“Digital advertising in the U.S. is a $43 billion market. Most of those ad dollars, though, go to a handful of large technology firms, such as Facebook and Google. Pew Research estimates that news properties lay claim to, at minimum, roughly $5 billion—or 12 percent—of the total digital ad market”. Stated differently: A large number advertisers prefer spending on search, banner, and related digital ad products provided by big techs rather than direct deals with media companies.
Advertising accounts for 69 percent—that’s $43 billion—of U.S. news revenues. What Pew calls “audience revenue”, where someone actually pays, amounts to 24 percent of the total. According to Pew:
Audience revenue is the next largest source of income for the industry, accounting for about a quarter of the total news pie through subscriptions, cable fees, and individual giving. It is growing—both as a dollar figure and as a share of the whole. But audience-driven revenue growth does not necessarily signify that more people are paying for news. Rather, the data suggest that, in aggregate, more revenue is being squeezed out of a shrinking—or at least flat—base of paying consumers.
Meanwhile, as stated previously, voluminous content—whether news or other—generates more space for advertising than can be filled. Even Google can’t make that kind of magic. So there isn’t enough to go around or for high-enough page rates. Meanwhile, paid search, banner, and other ads assault consumers, who can become blind even to prominent paid placements.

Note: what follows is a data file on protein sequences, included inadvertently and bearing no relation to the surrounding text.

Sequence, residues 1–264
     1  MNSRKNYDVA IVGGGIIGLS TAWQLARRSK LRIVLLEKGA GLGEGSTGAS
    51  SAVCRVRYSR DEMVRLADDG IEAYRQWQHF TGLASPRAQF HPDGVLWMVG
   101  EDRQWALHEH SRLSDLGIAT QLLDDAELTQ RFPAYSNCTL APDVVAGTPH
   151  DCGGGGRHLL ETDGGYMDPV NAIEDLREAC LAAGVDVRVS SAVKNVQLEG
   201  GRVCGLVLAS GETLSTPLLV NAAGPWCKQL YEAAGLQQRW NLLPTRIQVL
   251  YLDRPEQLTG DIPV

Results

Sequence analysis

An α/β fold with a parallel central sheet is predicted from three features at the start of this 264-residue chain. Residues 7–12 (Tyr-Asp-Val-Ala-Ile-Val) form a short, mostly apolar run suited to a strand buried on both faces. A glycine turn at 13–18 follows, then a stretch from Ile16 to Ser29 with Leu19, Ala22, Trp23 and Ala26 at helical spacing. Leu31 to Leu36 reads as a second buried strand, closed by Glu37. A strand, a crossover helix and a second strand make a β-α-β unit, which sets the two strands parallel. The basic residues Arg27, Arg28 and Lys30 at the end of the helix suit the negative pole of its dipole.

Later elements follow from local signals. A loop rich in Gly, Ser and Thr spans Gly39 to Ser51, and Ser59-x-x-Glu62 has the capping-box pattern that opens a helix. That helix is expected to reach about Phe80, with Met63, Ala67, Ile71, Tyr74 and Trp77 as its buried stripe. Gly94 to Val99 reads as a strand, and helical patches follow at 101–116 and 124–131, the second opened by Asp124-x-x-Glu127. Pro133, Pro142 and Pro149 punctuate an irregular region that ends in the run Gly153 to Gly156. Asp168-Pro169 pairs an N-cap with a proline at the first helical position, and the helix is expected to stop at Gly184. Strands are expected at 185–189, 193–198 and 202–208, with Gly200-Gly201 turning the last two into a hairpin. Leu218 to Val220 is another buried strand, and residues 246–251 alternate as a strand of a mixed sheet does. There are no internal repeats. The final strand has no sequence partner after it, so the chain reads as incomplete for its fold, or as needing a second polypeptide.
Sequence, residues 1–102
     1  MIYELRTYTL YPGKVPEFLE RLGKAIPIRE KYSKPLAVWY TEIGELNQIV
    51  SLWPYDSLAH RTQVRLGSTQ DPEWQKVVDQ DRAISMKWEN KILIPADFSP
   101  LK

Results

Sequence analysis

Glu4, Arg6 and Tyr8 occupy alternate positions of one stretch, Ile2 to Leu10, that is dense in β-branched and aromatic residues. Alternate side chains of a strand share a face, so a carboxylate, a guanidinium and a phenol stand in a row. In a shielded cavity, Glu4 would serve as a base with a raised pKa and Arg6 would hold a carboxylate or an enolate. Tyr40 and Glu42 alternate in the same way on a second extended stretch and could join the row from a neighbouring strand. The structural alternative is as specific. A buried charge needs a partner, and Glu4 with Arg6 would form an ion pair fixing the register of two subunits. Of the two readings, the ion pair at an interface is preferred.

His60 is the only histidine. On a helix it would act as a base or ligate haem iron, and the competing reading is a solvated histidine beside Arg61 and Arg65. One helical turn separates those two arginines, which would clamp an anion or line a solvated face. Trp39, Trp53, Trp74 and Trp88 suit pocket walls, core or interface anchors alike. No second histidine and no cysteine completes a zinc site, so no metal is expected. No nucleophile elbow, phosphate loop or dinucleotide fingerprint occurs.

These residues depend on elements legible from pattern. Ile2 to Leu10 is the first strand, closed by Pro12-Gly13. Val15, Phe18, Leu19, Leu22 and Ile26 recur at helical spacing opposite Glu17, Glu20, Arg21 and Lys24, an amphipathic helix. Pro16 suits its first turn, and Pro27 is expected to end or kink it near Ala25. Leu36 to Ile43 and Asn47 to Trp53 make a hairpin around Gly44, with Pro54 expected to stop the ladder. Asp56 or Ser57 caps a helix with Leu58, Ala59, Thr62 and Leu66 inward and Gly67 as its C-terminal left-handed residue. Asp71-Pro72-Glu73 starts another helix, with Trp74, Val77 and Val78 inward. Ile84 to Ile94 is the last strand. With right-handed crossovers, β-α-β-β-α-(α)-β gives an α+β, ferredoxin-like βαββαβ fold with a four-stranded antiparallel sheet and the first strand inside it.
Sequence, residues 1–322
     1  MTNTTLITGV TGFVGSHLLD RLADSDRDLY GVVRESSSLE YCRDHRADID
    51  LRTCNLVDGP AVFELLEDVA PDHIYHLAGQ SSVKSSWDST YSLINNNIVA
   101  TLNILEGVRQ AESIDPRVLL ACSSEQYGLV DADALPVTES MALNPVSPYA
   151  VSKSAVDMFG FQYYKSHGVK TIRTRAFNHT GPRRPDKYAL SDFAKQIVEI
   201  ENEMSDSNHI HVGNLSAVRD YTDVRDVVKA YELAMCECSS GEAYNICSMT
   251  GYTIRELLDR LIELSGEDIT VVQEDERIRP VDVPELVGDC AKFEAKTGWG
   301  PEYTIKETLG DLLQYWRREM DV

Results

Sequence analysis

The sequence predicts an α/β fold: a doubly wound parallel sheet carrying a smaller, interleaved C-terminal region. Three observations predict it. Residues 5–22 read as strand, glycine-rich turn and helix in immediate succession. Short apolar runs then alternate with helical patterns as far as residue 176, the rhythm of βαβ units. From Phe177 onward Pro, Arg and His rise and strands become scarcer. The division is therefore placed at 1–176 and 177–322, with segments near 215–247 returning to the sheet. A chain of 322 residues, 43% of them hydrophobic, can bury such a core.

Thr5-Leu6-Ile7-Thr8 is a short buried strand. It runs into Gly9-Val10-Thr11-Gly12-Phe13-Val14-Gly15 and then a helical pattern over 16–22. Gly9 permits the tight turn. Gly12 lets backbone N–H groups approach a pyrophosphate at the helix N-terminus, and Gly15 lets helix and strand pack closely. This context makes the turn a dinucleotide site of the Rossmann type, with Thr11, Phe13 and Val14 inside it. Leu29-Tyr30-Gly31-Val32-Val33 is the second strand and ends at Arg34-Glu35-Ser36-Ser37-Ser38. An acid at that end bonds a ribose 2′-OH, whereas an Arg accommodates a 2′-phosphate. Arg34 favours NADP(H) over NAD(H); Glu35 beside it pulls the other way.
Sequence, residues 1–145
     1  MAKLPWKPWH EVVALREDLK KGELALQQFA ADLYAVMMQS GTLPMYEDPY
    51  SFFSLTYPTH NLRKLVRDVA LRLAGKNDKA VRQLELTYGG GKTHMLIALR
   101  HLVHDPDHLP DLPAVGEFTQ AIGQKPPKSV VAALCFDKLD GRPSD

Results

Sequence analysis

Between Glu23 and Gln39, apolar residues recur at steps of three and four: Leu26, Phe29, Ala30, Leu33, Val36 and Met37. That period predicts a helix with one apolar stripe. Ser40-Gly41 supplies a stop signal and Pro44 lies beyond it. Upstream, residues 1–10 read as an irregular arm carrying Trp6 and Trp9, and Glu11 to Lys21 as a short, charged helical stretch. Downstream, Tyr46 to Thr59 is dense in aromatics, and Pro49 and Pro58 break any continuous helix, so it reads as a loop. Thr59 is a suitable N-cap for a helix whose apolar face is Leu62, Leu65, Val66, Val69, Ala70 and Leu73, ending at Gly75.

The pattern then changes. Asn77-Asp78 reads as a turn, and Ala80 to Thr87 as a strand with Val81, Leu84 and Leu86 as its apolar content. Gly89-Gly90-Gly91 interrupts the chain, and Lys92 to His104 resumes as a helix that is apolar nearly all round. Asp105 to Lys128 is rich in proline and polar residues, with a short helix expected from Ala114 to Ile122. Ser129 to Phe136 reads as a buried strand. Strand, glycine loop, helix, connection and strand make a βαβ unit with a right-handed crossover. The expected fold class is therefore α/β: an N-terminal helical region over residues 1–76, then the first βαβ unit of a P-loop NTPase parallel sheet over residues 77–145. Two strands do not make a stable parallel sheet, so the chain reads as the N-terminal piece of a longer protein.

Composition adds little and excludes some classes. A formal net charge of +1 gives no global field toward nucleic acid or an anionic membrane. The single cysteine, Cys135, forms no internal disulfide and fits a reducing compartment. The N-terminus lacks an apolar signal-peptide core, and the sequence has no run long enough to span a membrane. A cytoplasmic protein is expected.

Google is by no means immune to online advertising’s declining value, even as overall spending rises. The search giant’s cost-per-click—what advertisers are paid—fell for every quarter, year over year, in 2013, even while the number of clicks increased. CPC declines: Q1 (4 percent); Q2 (6 percent); Q3 (8 percent); Q4 (11 percent). The escalating numbers reveal an increasing and ongoing trend, particularly when set against CPC 2012 declines: Q1 (12 percent); Q2 (16 percent); Q3 (15 percent); Q4 (6 percent).
Google dismisses declining CPC as little more than increasing demand for mobile devices, where ad rates are lower than they are for PCs. The defense is not meritless, with mobile accounting for 15.2 percent of global digital ad spending in 2013, up from 8.5 percent a year earlier, according to eMarketer. But Google’s spending share, as previously stated, is considerably higher—nearly 50 percent—on mobile, which compensates for lower ad rates.
How CPC relates to other changes reveals something else. In Q4 2011, for example, Google reported $3.51 billion operating income, or 33 percent of $10.58 billion in revenue. A year later: $3.39 billion operating income, or 24 percent of $14.42 billion in revenue. Fourth quarter 2013: $3.92 billion, or 23 percent of $16.86 billion revenue. The data includes Motorola. Operating margins are down over two years despite overall revenue increasing by 59 percent.
Meanwhile, during Q4 2013, Google’s traffic-acquisition costs—what the search giant spends related to ads—reached $3.31 billion, or 24 percent of revenue. That compares to $3.08 billion a year earlier and $2.44 billion in Q4 2011. So in two years, TAC is up by 35.6 percent. Set against CPC and operating income, the data reveals declining ad value, while increasing costs to Google.